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Warning for milk allergy sufferers (& dusting off my orange cape...)(9 Posts)
Just to let you know I'm in the process of reporting a product to the Food Standards Agency and my local Trading Standards agency after DS had an allergic reaction.
The product is Sunstart plain chocolate flavoured covered golden crunch biscuits. My childminder gave one of these to DS recently because the ingredients did not list any of his allergens ie milk, wheat, eggs, nuts. However, there was an additional allergy box which stated that the product contained 'soya and DAIRY'. DS vomited soon after (just as he got to school) and came out in hives all over. I really thought the school were going to have to administer his epi-pen for the 1st time but thankfully he didn't show any other symptoms and improved with just Piriton. The poor childminder was distraught that she'd missed the allergy box but I reassured her that she was right to read the ingredients not anything else as my understanding was that EU law stipulated that if any of the 14 allergens are in the product they MUST be listed in the ingredients, not any other allergy box. I checked this with the Anaphylaxis Campaign and they confirmed this. They also forwarded my email to the FSA and they too confirmed that a) the word MILK must be used, not dairy and b) it must be listed in the ingredients.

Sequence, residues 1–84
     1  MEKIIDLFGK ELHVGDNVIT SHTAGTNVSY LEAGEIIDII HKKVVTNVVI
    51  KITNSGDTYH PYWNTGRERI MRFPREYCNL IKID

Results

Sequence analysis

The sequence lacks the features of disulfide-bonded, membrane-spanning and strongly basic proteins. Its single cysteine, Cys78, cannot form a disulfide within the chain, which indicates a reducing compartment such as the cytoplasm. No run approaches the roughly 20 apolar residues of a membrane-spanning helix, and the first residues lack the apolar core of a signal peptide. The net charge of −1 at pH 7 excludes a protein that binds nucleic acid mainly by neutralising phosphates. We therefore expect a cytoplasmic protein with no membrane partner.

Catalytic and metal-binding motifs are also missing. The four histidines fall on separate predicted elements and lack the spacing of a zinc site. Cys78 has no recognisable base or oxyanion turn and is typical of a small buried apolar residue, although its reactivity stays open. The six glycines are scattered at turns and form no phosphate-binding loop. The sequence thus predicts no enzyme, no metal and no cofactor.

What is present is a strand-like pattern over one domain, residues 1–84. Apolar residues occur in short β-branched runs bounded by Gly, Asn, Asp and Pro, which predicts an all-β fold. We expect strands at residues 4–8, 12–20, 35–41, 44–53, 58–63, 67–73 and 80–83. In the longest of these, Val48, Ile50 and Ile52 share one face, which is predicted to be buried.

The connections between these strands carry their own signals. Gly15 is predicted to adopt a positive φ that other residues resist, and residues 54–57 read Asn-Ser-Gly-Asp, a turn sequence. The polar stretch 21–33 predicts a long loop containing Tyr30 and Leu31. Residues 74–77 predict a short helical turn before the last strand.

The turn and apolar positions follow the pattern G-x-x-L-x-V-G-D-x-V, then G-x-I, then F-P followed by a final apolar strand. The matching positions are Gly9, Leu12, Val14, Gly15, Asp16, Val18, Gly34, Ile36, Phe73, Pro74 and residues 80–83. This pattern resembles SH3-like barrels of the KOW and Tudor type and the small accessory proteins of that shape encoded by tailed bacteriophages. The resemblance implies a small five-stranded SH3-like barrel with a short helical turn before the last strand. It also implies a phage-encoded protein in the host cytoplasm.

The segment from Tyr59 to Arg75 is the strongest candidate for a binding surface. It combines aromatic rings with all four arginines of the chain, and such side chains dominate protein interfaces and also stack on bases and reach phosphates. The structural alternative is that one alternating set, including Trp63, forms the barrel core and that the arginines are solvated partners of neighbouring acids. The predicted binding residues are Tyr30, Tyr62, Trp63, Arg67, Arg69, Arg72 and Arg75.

I find it particularly worrying that a product aimed specifically at the freefrom market can get it so very wrong. This product is still on sale throughout the UK eg Asda, Holland & Barrett and I'm worried that other milk allergy sufferers could make a similar mistake and become very ill or worse. AC actually told me that they had received complaints in the past about this product as it previously didn't even have the allergy warning for dairy but 2 milk allergy sufferers had become ill after eating them.
I shall get my orange cape out for you - you will need to buy a lever arch file and start filing as my experience is that these things are an uphill battle ....
I have got compensation for my DS re milk in fruit juice but am still in the process of making formal complaints re both local authorities and then if necessary to the local government ombudsman
keep the AC in the loop as they have very good contacts with the FSA and keep a copy of the packet and contents ....
Personally I always check the ingredients and the allergy advice warning. I'd also assume dairy means milk.
I've checked the ingredients on the asda website and from reading the ingredients alone you cannot tell this product contains milk ... But it does state dairy in the allergen advice.
Let's hope something is done about it, Law wise, but let's also hope others start to read all the information on the label.
frazzled well from next year "contains" boxes will no longer be allowed for this very reason as they cause confusion. Yes, I would assume dairy meant milk and yes I would normally read all the info on the label but this was my childminder not me and I had always told her what the Anaphylaxis Campaign told me and that's the fact that it's the ingredients you must read as nothing else is covered by law (allergy boxes/advice is voluntary under current rules whereas the ingredients are mandatory).